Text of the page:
Greenpeace Airs Ads to Reinforce Cape Wind Support
International environmental group Greenpeace began airing television ads in Massachusetts today targeting Rep. William Delahunt and Sen. Edward Kennedy. The lawmakers continue to oppose the Cape Wind project, to be sited in Nantucket Sound off of Cape Cod, which is slated to be the first offshore wind energy installation in the United States. The ads will air this week and next, and again the week of September 10, to set the record straight after a misleading radio ad campaign by Cape Wind opponents
"As the birthplace of American independence, Massachusetts finds itself in a position to again spark revolution, this time in the fight for independence from dirty and dangerous energy," said Greenpeace global warming campaigner Katherine Smolski. "Our elected leaders owe future generations of Americans the chance to escape the climate crisis and breathe clean air. That is why Senator Kennedy and Representative Delahunt should no longer cater to the interests of the wealthy few and fully support the Cape Wind project," she continued.
Having already passed the Commonwealth's environmental impact review, the Army Corps of Engineers review, and been certified as having no significant impact on the marine environment, navigational safety and shipping lanes, the Cape Wind project has endured an approval process lasting over six years. Public desire for action on global warming prevented Sen. Kennedy from killing the project through a backdoor deal brokered with Alaska Sen. Ted Stevens, in part stoked by a Greenpeace television spot exposing Kennedy's hypocrisy. The wind turbines would be within eyesight of the Kennedy compound and the homes of other wealthy residents. One further step in the approval process, the publication of the federal draft environmental impact statement by the U.S. Department of Interior's Mineral Management Service (MMS) is expected this fall.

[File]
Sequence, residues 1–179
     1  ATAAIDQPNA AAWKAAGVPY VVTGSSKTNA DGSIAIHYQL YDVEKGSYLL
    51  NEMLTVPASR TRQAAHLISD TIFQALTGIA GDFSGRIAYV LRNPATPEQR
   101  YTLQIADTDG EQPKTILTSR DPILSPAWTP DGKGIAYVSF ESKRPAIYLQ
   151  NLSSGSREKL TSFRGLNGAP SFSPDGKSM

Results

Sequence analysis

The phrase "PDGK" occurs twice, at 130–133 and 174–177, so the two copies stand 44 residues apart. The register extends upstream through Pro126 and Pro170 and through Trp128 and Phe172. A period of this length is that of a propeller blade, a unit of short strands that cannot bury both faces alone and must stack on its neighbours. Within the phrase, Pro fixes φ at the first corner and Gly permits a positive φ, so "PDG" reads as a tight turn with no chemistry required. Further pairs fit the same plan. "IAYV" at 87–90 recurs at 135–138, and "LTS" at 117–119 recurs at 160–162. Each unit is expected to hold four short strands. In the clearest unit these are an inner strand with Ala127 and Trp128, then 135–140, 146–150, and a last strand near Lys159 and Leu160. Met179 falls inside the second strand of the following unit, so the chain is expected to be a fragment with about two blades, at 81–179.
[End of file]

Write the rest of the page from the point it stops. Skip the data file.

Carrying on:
"Cape Wind's opponents have been misleading the public about the impacts the project will have on the economy and environment of the Cape and Islands. A clean energy project that would provide 75 percent of the electricity needs of the Cape and Islands is the answer," added Smolski. "These leaders know that global warming could eventually put the Massachusetts coast under water; protecting the view from the Kennedy compound is not the leadership that neither Massachusetts nor the United States needs," she concluded.
Greenpeace members and supporters of the Cape Wind project will be attending public meetings in the coming months to show that citizens stand on the side of common sense and sound science in making Massachusetts a leader in renewable energy. The Greenpeace ads airing in the coming weeks will direct viewers to a website where citizens can take action and support a clean energy future for the Commonwealth.
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